Question

The Sydney Manufacturing Company produces a single model of a high-quality DVD player that it sells to Australian manufacturers of sound systems. It sells each DVD player for $210, resulting in a contribution margin of $70 before considering any costs of inspection, correction of product defects, or refunds to customers.
On January 1, 2014, top management at Sydney is contemplating a change in its quality control system. Currently, the company spends $30,000 annually on quality control inspections for the 50,000 DVD players it produces and ships each year. In producing those DVD players, the company produces an average of 2,000 defective units. The inspection process identifies 1,500 of these, and the company spends an average of $85 on each to correct the defects. The company ships the other 500 defective players to customers. When a customer discovers a defective DVD player, Sydney Manufacturing refunds the $210 purchase price.
Many of Sydney’s customers build the DVD players into home-entertainment units. As more of these customers change to JIT inventory systems and automated production processes, the receipt of defective goods poses greater and greater problems for them. Sometimes a defective DVD player causes them to delay their whole production line while they replace the DVD player. Companies competing with Sydney recognize this situation, and most have already begun extensive quality control programs. If Sydney does not improve quality, sales volume is expected to fall by 5,000 DVD players a year, beginning after 2014:


The proposed quality control program has two elements. First, Sydney would spend $950,000 immediately to train workers to recognize and correct defects at the time they occur. This is expected to cut the number of defective DVD players produced from 2,000 to 500 without incurring additional manufacturing costs. Second, an earlier inspection point would replace the current inspection. This would require purchase of an X-ray machine at a cost of $250,000 plus additional annual operating costs of $60,000 more than the current inspection costs. Early detection of defects would reduce the average amount spent to correct defects from $85 to $50, and only 50 defective DVD players would be shipped to customers. To compete, Sydney would refund one-and-one-half times the purchase price ($315) for defective DVD players delivered to customers.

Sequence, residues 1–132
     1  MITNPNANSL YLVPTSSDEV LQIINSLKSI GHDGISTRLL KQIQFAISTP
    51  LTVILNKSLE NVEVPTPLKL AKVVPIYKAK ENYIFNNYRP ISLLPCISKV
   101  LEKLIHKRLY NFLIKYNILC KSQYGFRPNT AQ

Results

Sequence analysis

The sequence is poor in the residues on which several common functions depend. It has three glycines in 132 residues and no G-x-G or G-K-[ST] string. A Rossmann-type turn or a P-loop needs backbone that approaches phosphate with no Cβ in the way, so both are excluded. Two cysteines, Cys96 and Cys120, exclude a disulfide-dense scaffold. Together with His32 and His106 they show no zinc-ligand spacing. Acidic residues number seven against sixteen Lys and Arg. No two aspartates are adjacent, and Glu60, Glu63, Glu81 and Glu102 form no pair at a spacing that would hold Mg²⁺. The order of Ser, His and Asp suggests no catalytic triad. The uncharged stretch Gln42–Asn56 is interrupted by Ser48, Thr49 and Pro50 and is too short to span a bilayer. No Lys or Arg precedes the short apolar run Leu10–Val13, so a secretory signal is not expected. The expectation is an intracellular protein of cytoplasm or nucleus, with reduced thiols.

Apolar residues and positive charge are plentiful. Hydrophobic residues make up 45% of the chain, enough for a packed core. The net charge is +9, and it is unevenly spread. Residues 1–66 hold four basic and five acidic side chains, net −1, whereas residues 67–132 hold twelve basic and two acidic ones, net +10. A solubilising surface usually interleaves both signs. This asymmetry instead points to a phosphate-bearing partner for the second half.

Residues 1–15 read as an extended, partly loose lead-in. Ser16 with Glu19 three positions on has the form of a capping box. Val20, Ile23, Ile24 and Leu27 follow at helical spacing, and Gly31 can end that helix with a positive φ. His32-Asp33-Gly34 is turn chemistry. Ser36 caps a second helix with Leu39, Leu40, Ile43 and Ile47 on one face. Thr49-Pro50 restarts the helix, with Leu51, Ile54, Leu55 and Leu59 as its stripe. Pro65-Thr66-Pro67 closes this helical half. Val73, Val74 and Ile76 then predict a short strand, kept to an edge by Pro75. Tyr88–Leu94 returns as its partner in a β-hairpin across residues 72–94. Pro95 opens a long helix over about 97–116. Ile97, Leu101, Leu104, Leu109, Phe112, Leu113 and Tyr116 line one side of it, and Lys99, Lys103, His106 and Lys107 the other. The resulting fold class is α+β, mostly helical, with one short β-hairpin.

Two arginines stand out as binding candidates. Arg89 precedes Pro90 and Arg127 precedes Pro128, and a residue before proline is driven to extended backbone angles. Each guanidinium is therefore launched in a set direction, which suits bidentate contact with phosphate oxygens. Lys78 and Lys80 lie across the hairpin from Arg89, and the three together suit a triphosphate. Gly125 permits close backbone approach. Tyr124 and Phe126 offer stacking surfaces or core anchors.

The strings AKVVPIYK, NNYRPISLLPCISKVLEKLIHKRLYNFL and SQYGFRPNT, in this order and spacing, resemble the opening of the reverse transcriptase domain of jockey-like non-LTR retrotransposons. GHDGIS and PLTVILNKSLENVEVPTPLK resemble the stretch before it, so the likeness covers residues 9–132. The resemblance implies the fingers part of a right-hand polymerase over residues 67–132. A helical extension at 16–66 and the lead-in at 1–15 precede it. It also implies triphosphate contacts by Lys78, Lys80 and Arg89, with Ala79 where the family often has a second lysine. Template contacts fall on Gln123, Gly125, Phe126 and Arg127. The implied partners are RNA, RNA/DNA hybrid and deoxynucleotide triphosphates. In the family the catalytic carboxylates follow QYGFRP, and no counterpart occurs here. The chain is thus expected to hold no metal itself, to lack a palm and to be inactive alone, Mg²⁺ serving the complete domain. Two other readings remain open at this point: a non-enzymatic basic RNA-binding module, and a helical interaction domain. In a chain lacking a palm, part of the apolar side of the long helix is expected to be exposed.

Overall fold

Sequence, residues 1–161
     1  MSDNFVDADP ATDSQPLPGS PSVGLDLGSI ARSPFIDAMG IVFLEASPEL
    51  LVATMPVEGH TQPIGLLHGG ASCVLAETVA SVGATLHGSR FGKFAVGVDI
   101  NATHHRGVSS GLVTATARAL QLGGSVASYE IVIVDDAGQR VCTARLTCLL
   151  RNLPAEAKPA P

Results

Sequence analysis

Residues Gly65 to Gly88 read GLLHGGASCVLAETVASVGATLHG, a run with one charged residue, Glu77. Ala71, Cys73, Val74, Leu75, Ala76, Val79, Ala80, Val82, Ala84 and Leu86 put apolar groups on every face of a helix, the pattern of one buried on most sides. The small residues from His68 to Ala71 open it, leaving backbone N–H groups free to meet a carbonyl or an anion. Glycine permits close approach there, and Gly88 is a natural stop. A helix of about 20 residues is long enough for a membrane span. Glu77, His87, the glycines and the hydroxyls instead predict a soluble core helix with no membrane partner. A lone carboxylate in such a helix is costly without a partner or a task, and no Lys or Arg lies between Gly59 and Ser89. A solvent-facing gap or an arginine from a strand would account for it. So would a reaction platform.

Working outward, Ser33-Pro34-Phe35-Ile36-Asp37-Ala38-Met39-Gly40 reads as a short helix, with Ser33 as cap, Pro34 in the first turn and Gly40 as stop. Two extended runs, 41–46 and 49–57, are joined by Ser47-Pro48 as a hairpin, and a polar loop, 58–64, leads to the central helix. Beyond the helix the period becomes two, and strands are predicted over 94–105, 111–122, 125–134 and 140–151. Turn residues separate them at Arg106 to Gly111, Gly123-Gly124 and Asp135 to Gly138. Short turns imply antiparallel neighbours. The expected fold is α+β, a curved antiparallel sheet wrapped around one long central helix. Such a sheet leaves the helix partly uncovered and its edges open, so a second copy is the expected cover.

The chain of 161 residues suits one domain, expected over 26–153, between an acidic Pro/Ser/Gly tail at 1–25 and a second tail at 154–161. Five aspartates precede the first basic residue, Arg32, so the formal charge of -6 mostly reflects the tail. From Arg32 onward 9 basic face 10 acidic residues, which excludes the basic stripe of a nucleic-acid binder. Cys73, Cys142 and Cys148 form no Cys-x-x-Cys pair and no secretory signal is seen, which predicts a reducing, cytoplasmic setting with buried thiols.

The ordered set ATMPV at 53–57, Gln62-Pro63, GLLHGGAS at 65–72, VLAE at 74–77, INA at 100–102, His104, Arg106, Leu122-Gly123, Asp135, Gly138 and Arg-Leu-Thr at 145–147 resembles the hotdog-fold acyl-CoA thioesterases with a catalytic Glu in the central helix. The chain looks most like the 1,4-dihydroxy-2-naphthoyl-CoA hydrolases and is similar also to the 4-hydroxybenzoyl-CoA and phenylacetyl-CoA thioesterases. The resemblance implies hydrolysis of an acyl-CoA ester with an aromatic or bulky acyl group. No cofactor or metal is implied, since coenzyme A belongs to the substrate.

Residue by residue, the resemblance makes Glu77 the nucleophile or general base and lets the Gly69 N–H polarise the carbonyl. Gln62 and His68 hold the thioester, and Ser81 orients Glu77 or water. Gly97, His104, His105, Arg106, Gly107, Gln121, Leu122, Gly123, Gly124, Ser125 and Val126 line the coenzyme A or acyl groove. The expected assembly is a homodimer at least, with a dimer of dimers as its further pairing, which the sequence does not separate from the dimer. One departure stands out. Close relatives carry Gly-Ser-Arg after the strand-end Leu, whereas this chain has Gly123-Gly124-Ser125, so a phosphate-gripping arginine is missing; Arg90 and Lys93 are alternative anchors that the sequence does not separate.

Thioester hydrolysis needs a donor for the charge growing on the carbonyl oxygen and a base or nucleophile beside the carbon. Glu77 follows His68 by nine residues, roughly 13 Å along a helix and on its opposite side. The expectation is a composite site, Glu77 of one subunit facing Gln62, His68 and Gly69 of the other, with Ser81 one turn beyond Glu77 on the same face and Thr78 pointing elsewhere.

Top management at Sydney has decided that a 4-year planning period is sufficient for analyzing this decision. The required rate of return is 20%. For simplicity, assume that under the current quality control system, if the volume of production decreases, the number of defective DVD players produced remains at 2,000. Also assume that all annual cash flows occur at the end of the relevant year. Should Sydney undertake the new quality control program? Explain using the NPV model. Ignore income taxes.


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  • CreatedNovember 19, 2014
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